Rid­ing high in the An­des’ thin air

Tack­ling the snowy peaks of the Cordillera Blanca moun­tain range on two wheels, Neil Rat­ley gets snowed in, meets furry friends and en­joys awein­spir­ing scenery.

Sunday Star-Times - - COVER STORY -

The dirt track twists and winds its way up the face of the moun­tain and into the clouds. I am climb­ing higher and higher into the thin An­dean air of Peru. When bit­ing wind gusts oc­ca­sion­ally break up the misty white, the sheer drop down to the val­ley be­low ap­pears like an ap­pari­tion.

It is a tem­pes­tu­ous day on the roof of the Cordillera Blanca. A hun­gry and rum­bling storm front sweeps in and swal­lows the patches of blue sky. But the weather changes quickly in the moun­tains and soon the late morn­ing sun emerges, along with swathes of blue sky.

The old dirt road over 4900-me­treshigh Punta Olimpica Pass is aban­doned. It has been left to slowly erode and dis­ap­pear back into the moun­tain from which it was once cut. A modern tun­nel and sealed road has now been hewn through the moun­tain. Land­slides and rock falls are mak­ing it harder and in­creas­ingly more dan­ger­ous to ride the fa­mous switch­backs over the high­est reaches of the pass. In time the aban­doned road will be lost and be­come a small scar on the face of the moun­tain.

The gap at Punta Olimpica is one of the few pas­sage­ways breach­ing the South Amer­i­can con­ti­nen­tal di­vide and has been used by trav­ellers to tra­verse the great An­des chain since pre-In­can times. In modern days th­ese moun­tains and val­leys have be­come renowned for ad­ven­ture ac­tiv­i­ties in­clud­ing tramp­ing, moun­taineer­ing, climb­ing, moun­tain­bik­ing, and horse rid­ing.

I had rolled out of Huaraz at dawn on my mo­tor­cy­cle. The bustling town is used as a stag­ing post for hik­ers, moun­taineers, cy­clists and bik­ers ex­plor­ing the Cordillera Blanca – one of the most im­pres­sive moun­tain ranges in the world.

Stretch­ing for al­most 180 kilo­me­tres, with count­less snow-capped peaks, the ‘‘white moun­tain range’’ is one of the most con­cen­trated col­lec­tions of big peaks in the Western Hemi­sphere, with 33 sum­mits top­ping 5400m.

Be­tween the soar­ing peaks, the val­leys are dot­ted with glacial lakes. They shine and glim­mer, re­flect­ing the moun­tains on their turquoise sur­faces.

Trekking is by far the most pop­u­lar way to ex­plore the Cordillera Blanca that sits mostly in the Unesco­pro­tected Huas­caran Na­tional Park. Most treks fol­low the val­leys, which run west to east through the moun­tains. Hik­ers can choose sev­eral routes rang­ing from three to 10 days. An abun­dance of tour op­er­a­tors in Huaraz can or­gan­ise the lo­gis­tics for those who are not con­fi­dent of set­ting out alone.

The most pop­u­lar is the four or five­day Santa Cruz Trek. This route passes be­neath many of the most fa­mous peaks in the Cordillera Blanca. It is con­sid­ered by many to be one of the best hik­ing routes in the world. The 50km trail takes you through open val­leys, passes be­neath high snow­capped moun­tain peaks and along rivers and the shores of brightly coloured la­goons.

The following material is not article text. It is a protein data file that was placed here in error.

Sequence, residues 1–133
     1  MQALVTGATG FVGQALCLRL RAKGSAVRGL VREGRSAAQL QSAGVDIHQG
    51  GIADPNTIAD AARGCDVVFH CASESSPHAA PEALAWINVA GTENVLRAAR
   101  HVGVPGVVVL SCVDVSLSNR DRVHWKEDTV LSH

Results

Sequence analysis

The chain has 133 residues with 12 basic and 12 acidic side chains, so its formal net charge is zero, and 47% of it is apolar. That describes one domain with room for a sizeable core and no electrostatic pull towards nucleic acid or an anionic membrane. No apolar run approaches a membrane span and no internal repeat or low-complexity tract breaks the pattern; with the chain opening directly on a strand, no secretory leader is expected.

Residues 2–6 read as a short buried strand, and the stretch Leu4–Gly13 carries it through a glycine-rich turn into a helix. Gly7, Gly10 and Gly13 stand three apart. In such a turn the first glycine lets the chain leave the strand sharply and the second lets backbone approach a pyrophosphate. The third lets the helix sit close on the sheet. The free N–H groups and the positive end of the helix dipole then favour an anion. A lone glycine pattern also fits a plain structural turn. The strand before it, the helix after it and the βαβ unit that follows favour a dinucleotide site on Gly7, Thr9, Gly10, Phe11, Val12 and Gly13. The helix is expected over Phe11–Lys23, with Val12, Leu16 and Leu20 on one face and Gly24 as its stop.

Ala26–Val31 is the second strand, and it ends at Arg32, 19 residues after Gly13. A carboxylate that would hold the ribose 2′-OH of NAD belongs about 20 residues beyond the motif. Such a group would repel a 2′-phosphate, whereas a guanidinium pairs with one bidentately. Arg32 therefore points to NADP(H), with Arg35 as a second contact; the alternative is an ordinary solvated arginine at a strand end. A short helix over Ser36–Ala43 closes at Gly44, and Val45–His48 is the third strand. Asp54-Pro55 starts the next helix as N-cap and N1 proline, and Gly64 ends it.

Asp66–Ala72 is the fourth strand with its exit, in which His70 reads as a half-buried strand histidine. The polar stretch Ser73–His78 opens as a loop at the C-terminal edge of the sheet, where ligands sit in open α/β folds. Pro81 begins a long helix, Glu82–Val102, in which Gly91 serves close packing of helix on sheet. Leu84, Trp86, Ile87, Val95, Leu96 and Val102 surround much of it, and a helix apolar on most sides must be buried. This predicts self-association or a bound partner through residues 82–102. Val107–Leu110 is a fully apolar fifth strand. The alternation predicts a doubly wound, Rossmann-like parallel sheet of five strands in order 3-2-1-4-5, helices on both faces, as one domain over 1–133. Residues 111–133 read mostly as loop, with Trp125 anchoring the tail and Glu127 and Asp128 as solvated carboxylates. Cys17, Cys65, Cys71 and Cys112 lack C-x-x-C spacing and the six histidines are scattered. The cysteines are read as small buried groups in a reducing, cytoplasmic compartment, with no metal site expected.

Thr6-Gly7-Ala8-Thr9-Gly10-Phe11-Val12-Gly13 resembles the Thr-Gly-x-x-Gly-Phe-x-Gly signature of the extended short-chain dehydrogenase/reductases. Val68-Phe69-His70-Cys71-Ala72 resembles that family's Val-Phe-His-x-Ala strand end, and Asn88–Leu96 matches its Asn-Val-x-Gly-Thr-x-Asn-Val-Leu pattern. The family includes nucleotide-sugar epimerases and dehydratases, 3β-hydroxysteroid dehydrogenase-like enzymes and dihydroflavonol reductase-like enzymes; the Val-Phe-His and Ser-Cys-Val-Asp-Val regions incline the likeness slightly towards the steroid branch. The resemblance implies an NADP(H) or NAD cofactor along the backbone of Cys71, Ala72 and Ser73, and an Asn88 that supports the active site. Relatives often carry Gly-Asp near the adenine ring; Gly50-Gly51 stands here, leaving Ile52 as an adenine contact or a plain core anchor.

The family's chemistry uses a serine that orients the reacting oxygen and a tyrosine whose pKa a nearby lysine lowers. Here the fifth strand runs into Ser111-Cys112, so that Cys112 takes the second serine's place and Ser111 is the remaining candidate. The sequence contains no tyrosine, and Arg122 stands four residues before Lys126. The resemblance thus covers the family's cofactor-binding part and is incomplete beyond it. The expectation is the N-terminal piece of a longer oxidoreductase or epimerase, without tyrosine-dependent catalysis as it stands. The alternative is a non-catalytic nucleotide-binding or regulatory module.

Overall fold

More than a decade ago, I spent five days in the An­dean wilder­ness with a for­mer girl­friend, an ami­able guide named Jose and bel­liger­ent mule named Julio. It was an un­for­get­table ex­pe­ri­ence that started with a bang when the gas cylin­der strapped to Julio’s rump blew a gas­ket. The mule bolted, pro­pelled by the hiss­ing and dis­si­pat­ing gas. Jose was soon in hot pur­suit leav­ing my ex and I alone and wide-eyed while still ad­just­ing our back­packs.

When we even­tu­ally caught up with the duo both looked a lit­tle shell­shocked. Jose was soon back to his friendly smil­ing self but from the bel­liger­ent look in Julio’s eyes – last­ing for the rest of the ex­pe­di­tion – I didn’t think the poor ass would ever fully re­cover from the ordeal.

Hav­ing lost most of our gas for cook­ing, we dined on crunchy pasta, luke­warm tea and cold por­ridge for five days. How­ever, the Cordillera Blanca has re­mained im­printed in my mind ever since. I re­call strug­gling for each breath while cross­ing high passes, be­ing dwarfed and hemmed in by ma­jes­tic walls of rock, the crackle of a small fire fight­ing the bit­ing chill of the night and smoke ris­ing and dis­solv­ing

Snowy moun­tain peaks, jagged rocks and trick­ling water­falls hug the small emer­ald La­guna 69.

Huas­caran’s twin peaks through the clouds.

A win­dow opens to the Llan­ganuco Val­ley and the glacial lakes far be­low.

Man and ma­chine buried dur­ing an overnight bliz­zard.

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